class FruityCollection : ObservableCollection<HardFruit> // adapts explicit implementations of IFruit objects into a collection or "hard fruit"  
        {  
            public void Add(IFruit fruit)  
            {  
                base.Add(new HardFruit(fruit));  
            }  
     
            public void AddRange(IEnumerable<IFruit> fruit)  
            {  
                foreach (var f in fruit)  
                    Add(f);  
            }  
        }  
     
        class HardFruit : IFruit// wraps any implementation of IFruit in an implicit implementation  
        {  
            private IFruit _softFruit;  
            public HardFruit(IFruit fruit)  
            {  
                _softFruit = fruit;  
            }  
     
            public string Colour // implicitly implement IFruit  
            {  
                get { return _softFruit.Colour; }  
            }  
        }  
     
        class Apple : IFruit  
        {  
            string IFruit.Colour // explicity implement IFruit  
            {  
                get { return "aRed/Green"; }  
            }  
        }  
     
        class Orange : IFruit  
        {  
            string IFruit.Colour // explicity implement IFruit  
            {  
                get { return "Orange"; }  
            }  
        }  
     
        interface IFruit  
        {  
            string Colour { get; }  
        }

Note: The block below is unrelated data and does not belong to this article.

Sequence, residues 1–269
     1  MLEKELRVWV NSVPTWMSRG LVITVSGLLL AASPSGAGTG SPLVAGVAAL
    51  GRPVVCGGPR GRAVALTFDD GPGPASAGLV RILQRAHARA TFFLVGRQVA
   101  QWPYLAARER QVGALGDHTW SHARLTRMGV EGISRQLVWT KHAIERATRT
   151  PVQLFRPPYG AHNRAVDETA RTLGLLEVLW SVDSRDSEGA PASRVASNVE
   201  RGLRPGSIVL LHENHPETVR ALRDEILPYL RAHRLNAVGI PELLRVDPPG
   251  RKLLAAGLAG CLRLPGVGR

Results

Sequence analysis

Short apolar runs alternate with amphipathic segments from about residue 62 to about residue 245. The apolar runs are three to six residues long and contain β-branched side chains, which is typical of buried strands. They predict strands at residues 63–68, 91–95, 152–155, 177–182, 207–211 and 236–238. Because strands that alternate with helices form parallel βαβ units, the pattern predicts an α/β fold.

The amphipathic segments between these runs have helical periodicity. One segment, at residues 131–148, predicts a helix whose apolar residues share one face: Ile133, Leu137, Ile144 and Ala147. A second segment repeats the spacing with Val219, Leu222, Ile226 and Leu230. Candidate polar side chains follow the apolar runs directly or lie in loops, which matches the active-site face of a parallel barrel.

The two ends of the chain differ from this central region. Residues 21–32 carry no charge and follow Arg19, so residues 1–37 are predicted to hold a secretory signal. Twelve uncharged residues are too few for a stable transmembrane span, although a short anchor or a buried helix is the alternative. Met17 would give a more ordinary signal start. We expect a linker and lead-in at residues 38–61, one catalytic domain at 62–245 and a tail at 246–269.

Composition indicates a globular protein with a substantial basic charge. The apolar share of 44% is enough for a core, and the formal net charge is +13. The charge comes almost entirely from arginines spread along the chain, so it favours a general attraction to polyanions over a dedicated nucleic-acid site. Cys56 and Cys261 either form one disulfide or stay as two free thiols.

}  
     

    This is kind of neat, because it protects us against other unforseen problems related to explicitly implemented interfaces. We have already hit Binding & Sorting... who knows what's down the track.

    Any other ideas?
    James
    • Edited by James Miles Saturday, October 25, 2008 7:32 AM
    • Marked as answer by Marco Zhou Tuesday, October 28, 2008 7:50 AM
    Thursday, October 23, 2008 8:45 AM
  • using System; using System.Collections.Generic; using System.ComponentModel; using System.Windows.Data; namespace ConsoleApplication1 { class Program { static void Main(string[] args) { CollectionViewSource viewSource = new CollectionViewSource(); viewSource.Source = new List<IFruit> { new Orange(), new Apple() }; viewSource.View.SortDescriptions.Add(new SortDescription("Colour", ListSortDirection.Ascending)); foreach (var f in viewSource.View) Console.WriteLine(((IFruit)f).Colour); } } class MyCollectionViewSource : CollectionViewSource { } class Apple : IFruit { //public string Colour public string Colour { get { return "aRed/Green"; } } } class Orange : IFruit { //public string Colour public string Colour { get { return "Orange"; } } } interface IFruit { string Colour { get; } } } // - it works like a charm, so where is the problem ? (just specify Colour instead of IFruit.Colour .. if naming convention well set then no pb with name attributes collision.
    Friday, January 8, 2010 1:06 PM